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The greater part of the land yet to be surveyed in the State is mountaipons and very d fficult to survey, and in my opinion the price should not be less than that submitted with my estimates for the coming year.

I would respectfully call your attention to the necessity of providing for the early survey of the timbered lands of the State. In no other way can the timber be protected from great waste.

The pioneer settler, who foregoes the comforts of civilization to build new towns and settlements on the froutier, must have timber; saw-mills must be brought in to saw it for him; wood must be cut to keep himself and family from the cold; and in the miving region large quantities must be used to timber mines and smelt the ores.

During my residence of eighteen years in Colorado, many prosecutions have been commenced against parties for committing depredations upon government timber, and but few convictions have been secured; for in some cases the very judge and jury sitting in the canse were at the time being kept warm by fires made of wood cut from government land, and it is almost impossibl- to secure a conviction.

If the lands were surveyed and sold, they would soon be in the hands of a large number of persons, whose interest would be to see that marauders were kept off, and they would also protect the timber from the destrnctive tires which destroy large quantities every year. The government would then realize the full value of the land.

For incidentals : For rent, fuel, stationery, messenger, furniture, and other incidental expenses

$3,000 00 For surveys: Survey of 600 miles of standard lines, at $16.....

9, 600 00 Survey of 3,000 miles of exterior township lines, at $14.

42, 000 00 Survey of 8,400 miles of subdivisional lines, at $10..

84, 000 00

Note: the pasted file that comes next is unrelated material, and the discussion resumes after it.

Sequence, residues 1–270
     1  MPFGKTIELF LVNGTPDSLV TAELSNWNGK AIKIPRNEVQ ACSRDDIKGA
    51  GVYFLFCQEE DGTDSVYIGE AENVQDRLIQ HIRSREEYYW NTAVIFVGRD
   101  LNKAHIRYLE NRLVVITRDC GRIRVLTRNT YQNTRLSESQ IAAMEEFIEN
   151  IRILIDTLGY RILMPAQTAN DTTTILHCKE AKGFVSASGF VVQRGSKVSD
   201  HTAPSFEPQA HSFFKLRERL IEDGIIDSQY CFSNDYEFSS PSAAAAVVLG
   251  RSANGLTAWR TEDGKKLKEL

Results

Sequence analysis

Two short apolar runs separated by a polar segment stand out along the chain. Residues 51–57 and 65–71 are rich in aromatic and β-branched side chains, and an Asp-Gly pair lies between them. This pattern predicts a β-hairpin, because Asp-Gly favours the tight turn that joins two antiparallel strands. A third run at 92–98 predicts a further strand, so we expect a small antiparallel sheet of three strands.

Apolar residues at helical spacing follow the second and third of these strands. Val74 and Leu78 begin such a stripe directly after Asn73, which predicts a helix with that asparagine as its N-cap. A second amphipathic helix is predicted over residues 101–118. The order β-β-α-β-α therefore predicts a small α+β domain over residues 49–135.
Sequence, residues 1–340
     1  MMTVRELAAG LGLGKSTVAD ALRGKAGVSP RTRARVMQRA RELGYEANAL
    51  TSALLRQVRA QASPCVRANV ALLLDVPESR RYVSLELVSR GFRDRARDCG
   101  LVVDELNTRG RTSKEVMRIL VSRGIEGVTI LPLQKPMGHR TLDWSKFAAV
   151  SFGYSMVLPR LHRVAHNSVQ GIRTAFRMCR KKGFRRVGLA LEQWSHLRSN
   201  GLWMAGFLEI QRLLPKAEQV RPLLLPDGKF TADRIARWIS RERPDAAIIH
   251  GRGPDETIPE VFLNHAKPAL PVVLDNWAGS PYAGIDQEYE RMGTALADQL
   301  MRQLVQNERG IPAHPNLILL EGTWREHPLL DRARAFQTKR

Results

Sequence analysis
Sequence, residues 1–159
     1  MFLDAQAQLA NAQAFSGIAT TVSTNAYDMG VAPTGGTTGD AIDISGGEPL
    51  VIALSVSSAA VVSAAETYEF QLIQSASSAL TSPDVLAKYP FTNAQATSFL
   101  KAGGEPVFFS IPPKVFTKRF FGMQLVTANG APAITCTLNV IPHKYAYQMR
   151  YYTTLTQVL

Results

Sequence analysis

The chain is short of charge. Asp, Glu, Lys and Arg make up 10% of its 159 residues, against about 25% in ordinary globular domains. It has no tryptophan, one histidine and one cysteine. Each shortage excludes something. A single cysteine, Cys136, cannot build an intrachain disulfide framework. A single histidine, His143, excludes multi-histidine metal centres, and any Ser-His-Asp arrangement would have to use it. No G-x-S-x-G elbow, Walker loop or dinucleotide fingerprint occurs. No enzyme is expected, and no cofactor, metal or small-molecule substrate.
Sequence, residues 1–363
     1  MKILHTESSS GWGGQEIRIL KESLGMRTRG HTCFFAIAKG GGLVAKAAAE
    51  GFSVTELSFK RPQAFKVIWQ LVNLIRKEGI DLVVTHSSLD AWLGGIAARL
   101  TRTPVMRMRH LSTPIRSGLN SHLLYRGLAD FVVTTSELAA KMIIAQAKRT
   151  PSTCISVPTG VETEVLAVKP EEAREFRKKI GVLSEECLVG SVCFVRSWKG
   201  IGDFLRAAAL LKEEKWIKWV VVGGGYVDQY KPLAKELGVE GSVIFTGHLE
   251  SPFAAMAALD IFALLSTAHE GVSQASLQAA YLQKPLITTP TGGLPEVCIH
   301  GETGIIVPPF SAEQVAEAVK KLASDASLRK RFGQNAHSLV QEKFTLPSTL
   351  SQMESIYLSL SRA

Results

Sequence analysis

For survey of west boundary of Colorado, 280 miles, at $70 per mile.....

135, 600 00 19, 600 00

The above estimate has been carefully prepared with a view to the actual pecessities of the service.

The appropriation for clerks in this office bas een for the past two years wholly inadequate, as the arrears of office work detailed hereafter will show. I am at a loss to know how to do the office work incident to the appropriation of $35,000 for the present fiscal year with but $3,000 for clerks. This amount is not sufficient to pay chief clerk and one draugbtsman, and it will be absolutely necessary to have at least one tran. scribing clerk; and to do the work properly and bring up arrears I should have an assistant draughtsman and two transcribing clerks.

In my opinion it is mistaken policy to allow the records of the office to get so far in arrears, as the time lost in bunting through records not properly indexed or tiled will over balance the expense of keeping them in order.

The amount estimated for incidental expenses will be required, in my opinion, to pay rent, messenger, stationery, &c. The increasing number of inining claims, as well as the regular appropriation for surveys, requires large quantities of drawing paper, instruments, transcript paper, and other expenses incident to the work.

The office is greatly in veed of new and additional furniture. Some of the furniture has been in use sixteen years, and is necessarily in bad condition.

The estimate for surveys is not in excess of what will be actually necessary to accommodate bona fide settlers, State selections, and furnish a basis upon which miners may definitely locate their mining claims.

Under the act of Congress adınitting Colorado as a State, over 350,000 acres of land are yet to be selected for State purposes, and the governor and commissioners, whose duty it is to make selections, are anxious that anditional surveys be made, that they may be able to select lands soon after survey and before the best lands are taken.

The survey of the west boundary of the State should be made at an early day, in order tbat the lines of survey may be closed thereon, to segregate the lands of the State from those of Utah, and to enable settlers to apply at the proper land office to enter their lande.

The surveys which I propose to make are principally as follows, viz: Extend the second correction line worthwest into the North Park, and run exterior and section lines, taking in settlements on the Big Laramie and Platte Rivers; survey the eleventh and twelfth guide meridian from the tirst correction line north, north to the north boundary; extend the first correction line northwest to the west boundary; survey the second correction line north from the eleventh guide meridian, east to mountains and west to west boundary of the State ; survey exterior and section lines to include settlements on the Tampah, Little Snake, and other streams.